Professor Vickie Parrish lead our cohort around the grounds of the six acre site. We visited the “big house” as well as most of the structures.

Dr. Parrish explained that the family sold the plantation to an oil and gas company, and the APHN was formed to save the structure from being demolished. They were able to get the oil company to donate the house and the six acres surrounding it.  It is unclear what  overall resources the AHPN has to maintain the site.

Our class took a private tour “off hours.” Most of my classmates seemed impressed. I was interested in the association of the place with the lives of Cammie Henry and Clementine Hunter. And I enjoyed the flora, especially the large oaks with resurrection ferns. Of course, the site has other positive attributes: it is visually impressive, visitors can get to the site easily from I-49, it includes a variety of structures from different periods so the site can be interpreted to include much of the Parish’s history, the layers of stories keep visitors with short attention spans focused, and the site is accessible.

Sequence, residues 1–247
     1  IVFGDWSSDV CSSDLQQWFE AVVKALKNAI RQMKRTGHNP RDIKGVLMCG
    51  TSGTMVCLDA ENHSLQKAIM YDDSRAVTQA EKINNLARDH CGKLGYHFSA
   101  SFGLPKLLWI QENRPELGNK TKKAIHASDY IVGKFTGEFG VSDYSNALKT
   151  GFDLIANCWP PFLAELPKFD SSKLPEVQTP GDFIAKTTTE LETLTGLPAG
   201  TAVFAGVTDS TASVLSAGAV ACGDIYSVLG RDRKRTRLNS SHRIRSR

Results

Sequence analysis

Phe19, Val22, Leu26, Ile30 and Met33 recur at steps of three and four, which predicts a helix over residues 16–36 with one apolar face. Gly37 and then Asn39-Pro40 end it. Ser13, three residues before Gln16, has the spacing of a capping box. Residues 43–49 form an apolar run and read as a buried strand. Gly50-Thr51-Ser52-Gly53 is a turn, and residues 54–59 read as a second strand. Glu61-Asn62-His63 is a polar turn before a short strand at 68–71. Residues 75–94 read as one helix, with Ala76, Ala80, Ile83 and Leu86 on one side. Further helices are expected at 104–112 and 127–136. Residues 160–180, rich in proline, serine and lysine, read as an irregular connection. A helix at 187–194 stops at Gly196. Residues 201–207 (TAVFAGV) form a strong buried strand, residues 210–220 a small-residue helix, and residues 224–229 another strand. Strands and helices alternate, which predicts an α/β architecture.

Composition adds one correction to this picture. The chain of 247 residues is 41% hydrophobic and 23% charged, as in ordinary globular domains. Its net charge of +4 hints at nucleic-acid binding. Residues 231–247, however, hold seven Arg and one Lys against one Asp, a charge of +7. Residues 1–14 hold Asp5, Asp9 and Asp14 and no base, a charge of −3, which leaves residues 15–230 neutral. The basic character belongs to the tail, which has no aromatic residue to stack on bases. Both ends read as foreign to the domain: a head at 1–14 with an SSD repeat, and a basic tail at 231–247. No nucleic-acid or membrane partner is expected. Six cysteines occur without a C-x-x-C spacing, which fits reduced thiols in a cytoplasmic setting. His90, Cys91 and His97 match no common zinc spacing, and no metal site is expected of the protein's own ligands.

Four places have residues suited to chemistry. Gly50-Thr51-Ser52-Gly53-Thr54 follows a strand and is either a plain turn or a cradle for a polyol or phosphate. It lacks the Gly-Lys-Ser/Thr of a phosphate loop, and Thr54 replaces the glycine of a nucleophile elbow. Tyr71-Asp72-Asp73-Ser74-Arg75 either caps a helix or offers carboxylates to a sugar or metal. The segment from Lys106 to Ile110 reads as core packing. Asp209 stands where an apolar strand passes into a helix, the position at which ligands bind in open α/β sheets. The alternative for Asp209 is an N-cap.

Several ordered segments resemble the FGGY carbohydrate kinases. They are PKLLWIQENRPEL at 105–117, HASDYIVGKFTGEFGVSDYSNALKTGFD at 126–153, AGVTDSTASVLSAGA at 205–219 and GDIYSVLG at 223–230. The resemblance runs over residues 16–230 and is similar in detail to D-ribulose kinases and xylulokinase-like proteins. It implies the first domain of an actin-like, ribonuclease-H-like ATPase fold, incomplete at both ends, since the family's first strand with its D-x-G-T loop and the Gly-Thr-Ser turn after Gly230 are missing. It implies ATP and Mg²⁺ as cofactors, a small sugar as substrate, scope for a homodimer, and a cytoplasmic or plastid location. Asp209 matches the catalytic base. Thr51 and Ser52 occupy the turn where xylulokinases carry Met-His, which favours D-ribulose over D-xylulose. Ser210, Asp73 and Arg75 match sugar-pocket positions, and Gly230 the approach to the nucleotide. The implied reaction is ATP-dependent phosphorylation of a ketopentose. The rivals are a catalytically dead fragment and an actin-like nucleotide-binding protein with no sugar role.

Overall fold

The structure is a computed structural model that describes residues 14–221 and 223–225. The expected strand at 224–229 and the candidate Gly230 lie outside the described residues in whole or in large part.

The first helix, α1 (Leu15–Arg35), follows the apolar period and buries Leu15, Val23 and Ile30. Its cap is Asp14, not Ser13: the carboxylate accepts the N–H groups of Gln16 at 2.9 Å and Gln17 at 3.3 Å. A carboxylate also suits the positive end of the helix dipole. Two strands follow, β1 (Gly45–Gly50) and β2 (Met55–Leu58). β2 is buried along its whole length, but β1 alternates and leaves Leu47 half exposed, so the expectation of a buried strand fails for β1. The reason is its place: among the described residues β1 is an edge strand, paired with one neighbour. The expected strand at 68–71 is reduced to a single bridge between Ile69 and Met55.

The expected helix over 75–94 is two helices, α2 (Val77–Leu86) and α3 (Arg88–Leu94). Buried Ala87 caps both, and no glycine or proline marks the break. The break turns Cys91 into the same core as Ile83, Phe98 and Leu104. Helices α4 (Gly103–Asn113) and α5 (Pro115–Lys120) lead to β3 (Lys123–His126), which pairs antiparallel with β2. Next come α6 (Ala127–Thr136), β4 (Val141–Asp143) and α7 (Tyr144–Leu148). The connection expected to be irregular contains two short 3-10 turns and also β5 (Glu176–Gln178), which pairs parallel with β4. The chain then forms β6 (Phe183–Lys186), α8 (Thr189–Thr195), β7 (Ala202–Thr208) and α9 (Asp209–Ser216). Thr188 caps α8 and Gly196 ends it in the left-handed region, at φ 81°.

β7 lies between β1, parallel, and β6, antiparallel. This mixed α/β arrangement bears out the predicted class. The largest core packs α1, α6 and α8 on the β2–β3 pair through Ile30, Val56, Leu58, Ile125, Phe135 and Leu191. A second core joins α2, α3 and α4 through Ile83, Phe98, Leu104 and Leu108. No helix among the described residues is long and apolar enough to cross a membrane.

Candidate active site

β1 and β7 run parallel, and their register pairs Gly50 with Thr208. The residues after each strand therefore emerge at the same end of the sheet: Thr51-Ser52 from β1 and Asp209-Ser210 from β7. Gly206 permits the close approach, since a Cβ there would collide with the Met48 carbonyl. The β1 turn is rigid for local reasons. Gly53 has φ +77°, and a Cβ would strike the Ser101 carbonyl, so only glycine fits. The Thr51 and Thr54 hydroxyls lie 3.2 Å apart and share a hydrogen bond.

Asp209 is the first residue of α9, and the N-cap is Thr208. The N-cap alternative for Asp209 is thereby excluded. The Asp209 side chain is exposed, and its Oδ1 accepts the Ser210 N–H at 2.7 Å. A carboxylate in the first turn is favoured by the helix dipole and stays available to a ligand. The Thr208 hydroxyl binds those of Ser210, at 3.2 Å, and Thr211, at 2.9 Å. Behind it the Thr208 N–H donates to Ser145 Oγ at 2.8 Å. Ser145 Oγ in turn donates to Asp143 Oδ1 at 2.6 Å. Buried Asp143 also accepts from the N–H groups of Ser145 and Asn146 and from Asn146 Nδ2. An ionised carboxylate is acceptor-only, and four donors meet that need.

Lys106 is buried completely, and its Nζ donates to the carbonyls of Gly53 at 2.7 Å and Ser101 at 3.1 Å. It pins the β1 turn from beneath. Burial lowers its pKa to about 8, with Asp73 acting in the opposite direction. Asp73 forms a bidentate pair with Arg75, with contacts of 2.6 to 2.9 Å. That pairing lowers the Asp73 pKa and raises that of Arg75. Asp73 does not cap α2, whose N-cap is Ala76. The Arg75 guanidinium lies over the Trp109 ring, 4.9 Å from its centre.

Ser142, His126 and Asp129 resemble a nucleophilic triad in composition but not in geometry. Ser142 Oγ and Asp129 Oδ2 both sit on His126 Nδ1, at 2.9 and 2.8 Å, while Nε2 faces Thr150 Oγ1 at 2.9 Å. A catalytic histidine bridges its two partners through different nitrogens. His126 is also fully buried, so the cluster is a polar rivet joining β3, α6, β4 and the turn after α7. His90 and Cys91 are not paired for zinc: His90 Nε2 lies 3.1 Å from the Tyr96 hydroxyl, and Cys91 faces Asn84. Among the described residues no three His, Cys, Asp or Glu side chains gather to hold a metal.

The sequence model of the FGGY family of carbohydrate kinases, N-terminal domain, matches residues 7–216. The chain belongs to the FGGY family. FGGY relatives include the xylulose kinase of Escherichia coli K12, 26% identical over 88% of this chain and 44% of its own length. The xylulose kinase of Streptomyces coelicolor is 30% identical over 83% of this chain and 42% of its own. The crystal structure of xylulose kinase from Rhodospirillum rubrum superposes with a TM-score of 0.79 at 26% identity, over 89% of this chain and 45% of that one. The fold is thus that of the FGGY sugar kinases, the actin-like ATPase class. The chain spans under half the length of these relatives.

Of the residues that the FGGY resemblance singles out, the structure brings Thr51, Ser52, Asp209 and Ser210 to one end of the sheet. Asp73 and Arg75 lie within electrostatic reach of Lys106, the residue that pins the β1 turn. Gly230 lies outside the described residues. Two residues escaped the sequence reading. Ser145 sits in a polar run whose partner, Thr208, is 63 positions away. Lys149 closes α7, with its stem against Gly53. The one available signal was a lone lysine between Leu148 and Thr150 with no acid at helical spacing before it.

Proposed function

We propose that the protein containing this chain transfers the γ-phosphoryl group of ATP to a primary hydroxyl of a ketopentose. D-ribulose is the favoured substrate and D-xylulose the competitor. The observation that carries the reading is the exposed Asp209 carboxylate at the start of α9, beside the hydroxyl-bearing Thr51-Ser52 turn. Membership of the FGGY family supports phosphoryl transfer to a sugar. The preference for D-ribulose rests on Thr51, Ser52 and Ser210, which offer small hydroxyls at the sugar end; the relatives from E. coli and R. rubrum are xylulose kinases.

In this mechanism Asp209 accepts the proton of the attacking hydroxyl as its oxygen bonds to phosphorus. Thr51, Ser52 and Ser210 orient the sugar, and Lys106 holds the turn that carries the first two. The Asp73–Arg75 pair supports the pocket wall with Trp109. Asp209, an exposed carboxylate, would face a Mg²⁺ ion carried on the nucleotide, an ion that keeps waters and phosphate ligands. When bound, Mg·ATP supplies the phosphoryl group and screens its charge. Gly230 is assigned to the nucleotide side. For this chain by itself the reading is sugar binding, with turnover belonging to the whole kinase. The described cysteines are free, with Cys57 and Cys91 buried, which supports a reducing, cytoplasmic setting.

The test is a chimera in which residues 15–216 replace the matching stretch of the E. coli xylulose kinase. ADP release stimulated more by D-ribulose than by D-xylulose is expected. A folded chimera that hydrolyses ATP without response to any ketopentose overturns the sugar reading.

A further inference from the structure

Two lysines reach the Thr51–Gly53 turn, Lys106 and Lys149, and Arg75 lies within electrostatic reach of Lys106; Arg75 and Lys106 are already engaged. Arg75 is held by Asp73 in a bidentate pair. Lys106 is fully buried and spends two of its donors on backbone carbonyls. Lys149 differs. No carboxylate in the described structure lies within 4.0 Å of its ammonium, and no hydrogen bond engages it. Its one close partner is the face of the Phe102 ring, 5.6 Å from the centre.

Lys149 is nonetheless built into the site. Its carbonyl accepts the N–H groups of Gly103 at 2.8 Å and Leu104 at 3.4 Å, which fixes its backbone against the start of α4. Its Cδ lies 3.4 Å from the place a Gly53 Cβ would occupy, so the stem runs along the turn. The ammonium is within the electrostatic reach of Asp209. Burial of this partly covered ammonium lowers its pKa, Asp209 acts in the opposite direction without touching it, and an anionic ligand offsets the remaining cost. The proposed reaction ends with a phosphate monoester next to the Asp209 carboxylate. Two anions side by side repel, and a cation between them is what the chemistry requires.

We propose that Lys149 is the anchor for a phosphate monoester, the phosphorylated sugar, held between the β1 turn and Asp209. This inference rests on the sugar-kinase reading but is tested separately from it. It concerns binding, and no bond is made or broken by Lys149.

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Students in my cohort voiced concern regarding the care of plywood paintings of Clementine Hunter upstairs in Africa House. Clear architectural and historical interpretation would help give visitors a sense of the depth of the site. My biggest question revolved around the possibility of moving the Kate Chopin outbuildings to this site and using the bricks and other remnants as architectural salvage for Melrose. I know owners have to consider all options, but would hate to see Melrose become a Creole plantation home with a “petting zoo” of vernacular outbuildings from assorted sites throughout Natchitoches Parish.

I am not much on “plantation tours”.  Despite that, I would visit Melrose again.

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